Trump blames ‘deep state’ for not securing COVID-19 vaccine before Election Day

Alex Suarez, Graduate Reporter

Oxford University and its manufacturing partner AstraZeneca in the United Kingdom, have come up with a vaccine to combat Coronavirus with a projected release date being in October this year if all goes well. However, President Trump put pressure on the FDA in a tweet Saturday to release the vaccine ASAP and made reference to a “deep state” conspiracy preventing its release before the presidential elections. 

According to the BBC, an additional 300 people in the coming weeks will take part in the ongoing human trial of the vaccine. Thus far, chimpanzees, pigs and mice have also been tested for the vaccine. 

The Phase 1 portion of the trial resulted in both mice and pigs being immune from the vaccine. Phase 2 was a human trial with 1,090 adults ages 18-55, who demonstrated “acceptable safety profile” according to the Telegraph. Most patients had an antibody response after one dose and all patients showed a response after two. 

However, there are issues that remain before Phase 3 can be completed, according to the FDA. Until the vaccine has been tested on 30,000 humans, it is not deemed safe – the UK hopes to get to those numbers by October.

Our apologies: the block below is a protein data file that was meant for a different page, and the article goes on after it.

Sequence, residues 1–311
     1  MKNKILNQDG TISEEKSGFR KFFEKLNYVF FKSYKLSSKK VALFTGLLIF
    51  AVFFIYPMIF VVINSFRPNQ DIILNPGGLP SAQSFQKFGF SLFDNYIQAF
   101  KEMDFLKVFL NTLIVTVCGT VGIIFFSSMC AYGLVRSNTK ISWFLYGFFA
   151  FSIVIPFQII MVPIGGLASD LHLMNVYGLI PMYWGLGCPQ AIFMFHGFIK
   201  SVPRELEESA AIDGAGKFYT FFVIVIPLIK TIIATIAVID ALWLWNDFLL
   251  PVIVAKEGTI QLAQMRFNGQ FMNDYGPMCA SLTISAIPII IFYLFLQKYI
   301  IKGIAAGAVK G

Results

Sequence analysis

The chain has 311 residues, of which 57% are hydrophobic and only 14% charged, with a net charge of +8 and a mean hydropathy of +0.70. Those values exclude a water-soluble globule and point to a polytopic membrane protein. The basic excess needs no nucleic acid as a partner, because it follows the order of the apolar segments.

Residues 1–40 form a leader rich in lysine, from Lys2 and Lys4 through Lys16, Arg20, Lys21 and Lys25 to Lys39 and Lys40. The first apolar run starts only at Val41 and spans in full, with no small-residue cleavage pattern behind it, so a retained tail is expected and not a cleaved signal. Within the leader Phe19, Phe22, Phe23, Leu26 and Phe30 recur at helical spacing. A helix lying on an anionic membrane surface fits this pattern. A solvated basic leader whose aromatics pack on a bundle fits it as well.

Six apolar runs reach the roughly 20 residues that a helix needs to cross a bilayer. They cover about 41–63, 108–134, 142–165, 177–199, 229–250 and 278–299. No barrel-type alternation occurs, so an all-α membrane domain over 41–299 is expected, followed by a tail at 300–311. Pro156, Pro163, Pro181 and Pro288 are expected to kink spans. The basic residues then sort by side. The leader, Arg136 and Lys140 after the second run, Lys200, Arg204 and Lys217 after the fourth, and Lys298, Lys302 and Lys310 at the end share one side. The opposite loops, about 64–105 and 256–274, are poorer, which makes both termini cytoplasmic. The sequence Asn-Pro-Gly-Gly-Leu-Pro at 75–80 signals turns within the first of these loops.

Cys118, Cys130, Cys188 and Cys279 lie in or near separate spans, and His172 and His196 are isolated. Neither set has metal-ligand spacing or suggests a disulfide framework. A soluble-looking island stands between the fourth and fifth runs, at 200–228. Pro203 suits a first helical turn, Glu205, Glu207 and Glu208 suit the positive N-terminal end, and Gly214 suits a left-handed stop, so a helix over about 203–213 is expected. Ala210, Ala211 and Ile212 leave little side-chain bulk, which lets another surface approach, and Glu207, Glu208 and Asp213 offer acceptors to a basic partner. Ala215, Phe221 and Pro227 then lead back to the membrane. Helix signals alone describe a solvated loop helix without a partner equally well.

Some people have experienced fevers or headaches after taking the vaccine. Therefore, it is not clear how long the protection will last, and if it can be used in adults from age 55 or above since no one in the trial was older than that. 

There is also skepticism on a Russian vaccine that has recently been released. 

Trump’s tweet, asserting that by the November presidential elections the ‘deep state’ may prevent the American people from getting the vaccine for political reasons, sparked a response by Speaker of the House Pelosi, also on Twitter: 

Phase 3 is beginning its initiation phase in the UK, US, Brazil and South Africa. The first results are expected by October which, if successful, will potentially release the vaccine soon after. Deals have been secured 2 billion doses thus far. 

As students and faculty around the country are returning to campuses, many are concerned about the spread of the virus, especially with the absence of a vaccine. UNF professor Amber Barnes, an expert in epidemiology out of the Department of Public Health, told Spinnaker why a vaccine distributed too early can be dangerous.

 Creating a vaccine and administering mass vaccinations is an incredibly difficult and long process,” Barnes said. “When a research team designs or develops a new vaccine candidate, they first need to test it to make sure that it will be safe to give to people, particularly those who are most at-risk such as the elderly, pregnant women, children or those with underlying health conditions. They need to determine the dosage and the best method for delivery.”


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